The First Americans

Over thousands of years, people spread out from Africa into Europe and Asia.  Long before the invention of farming, the wheel or writing, the first hunters reached Beringia.  Beringia is a modern name for a strip of land that once connected Asia to Alaska in North America.

The current evidence suggests the first humans crossed this “land bridge” at least 40,000 years ago and perhaps even earlier.

The Bering Strait has separated Asia and America for about 15,000 years.  The continents are now more than fifty miles apart, but at one time they were connected by a passage more than 1000 miles wide. The continents are now more than fifty miles apart, but at one time they were connected by a passage more than 1000 miles wide.

Beringia existed during the Ice Ages, periods when the climate of the earth was colder.  During an ice age, precipitation that fell on land would harden into large masses of ice called glaciers.   The forming of glaciers caused sea levels to drop about three hundred feet.

Scientists fear modern industry has made the earth warmer, causing ice at the polar regions to melt.   These melting ice caps could cause the oceans to rise and coastal lands to be submerged.

Although the climate of Beringia was frigid, it appears to have been warmer than nearby land is today.  Beringia was not covered with ice because there was very little snowfall in the region.  Instead, Beringia was covered with grass and small trees that fed large mammals such as bears, bison and the now extinct wooly mammoths and mastodons.  These animals attracted human hunters to the region.  The hunters who crossed Beringia into America came in small groups beginning about 40,000 years ago.

As the earth grew warmer, the glaciers melted and the land bridge slowly closed about 15,000 years ago—this was at least 9000 years before civilizations developed in Egypt, Mesopotamia, and China. Today more than 50 miles of ocean separates Asia from North America.

The Inuit—traditionally known by outsiders as Eskimos—also reached America from Asia, but long after the land bridge had closed.  The Inuit crossed the frigid waters of the Bering Strait in boats between 6000 and 2000bce. Their DNA indicates that the Inuit are genetically unrelated to the other indigenous people of America.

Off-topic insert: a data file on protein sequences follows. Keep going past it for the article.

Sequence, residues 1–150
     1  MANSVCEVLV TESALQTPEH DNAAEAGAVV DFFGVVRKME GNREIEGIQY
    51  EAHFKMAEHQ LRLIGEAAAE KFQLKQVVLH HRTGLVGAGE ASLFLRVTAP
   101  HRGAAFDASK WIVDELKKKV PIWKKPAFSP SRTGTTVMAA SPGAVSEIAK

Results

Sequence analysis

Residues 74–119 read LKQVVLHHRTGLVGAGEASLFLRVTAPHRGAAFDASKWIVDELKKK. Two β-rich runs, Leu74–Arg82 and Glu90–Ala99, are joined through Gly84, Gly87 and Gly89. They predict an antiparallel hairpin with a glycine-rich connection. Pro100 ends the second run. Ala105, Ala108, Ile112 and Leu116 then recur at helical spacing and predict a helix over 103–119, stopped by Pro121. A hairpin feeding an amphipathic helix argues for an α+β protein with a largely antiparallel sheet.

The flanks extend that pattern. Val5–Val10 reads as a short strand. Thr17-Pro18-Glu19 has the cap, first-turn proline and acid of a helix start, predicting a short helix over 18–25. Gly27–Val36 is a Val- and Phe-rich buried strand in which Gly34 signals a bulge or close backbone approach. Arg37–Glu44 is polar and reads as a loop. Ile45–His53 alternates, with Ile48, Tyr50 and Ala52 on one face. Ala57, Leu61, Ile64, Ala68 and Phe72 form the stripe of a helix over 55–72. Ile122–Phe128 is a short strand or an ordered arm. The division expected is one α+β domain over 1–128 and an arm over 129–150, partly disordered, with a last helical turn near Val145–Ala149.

Archaeologists are also intrigued with ancient skeletal remains found primarily in South America that do not fit the profile of the people who passed through Beringia. DNA evidence suggests that there may have been some migration to America from the Polynesian Islands of the Pacific, possibly by sailors blown off course by storms.


In 1947, adventurer Thor Heyerdahl constructed a raft using ancient technology.  Heyerdahl and a crew of six sailed 3770 miles on the Kon-Tiki, named after an Inca god.  Their 97-day journey took them from Peru to the island of Puka Puka.  Heyerdahl’s voyage proved that it was possible for ancient sailors to travel the Pacific Ocean, but not that it occurred.


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Lexile Measure 1170L
Mean Sentence Length 18.12
Mean Log Word Frequency 3.38
Word Count 453

Mr. Donn has an excellent website that includes a section on Native Americans.

Map of Beringia

The coastline of Beringia during the last Ice Age.

Hubbard Glacier

The Hubbard Glacier is in eastern Alaska and part of Yukon, Canada.

Wooly Mammoth

The wooly mammoth went extinct about 11,500 years ago, but these and other large mammals attracted hunters to the land bridge that led to North America.

The Kon-Tiki

Kon-Tiki was the raft used by Norwegian explorer and writer Thor Heyerdahl in his 1947 expedition across the Pacific Ocean from South America to the Polynesian islands.

Thor Heyerdahl

Norwegian adventurer Thor Heyerdahl (1914 – 2002) sailed 5,000 miles across the Pacific Ocean in the Kon-Tiki. Heyerdahl’s expedition demonstrated that long sea voyages were possible in ancient times.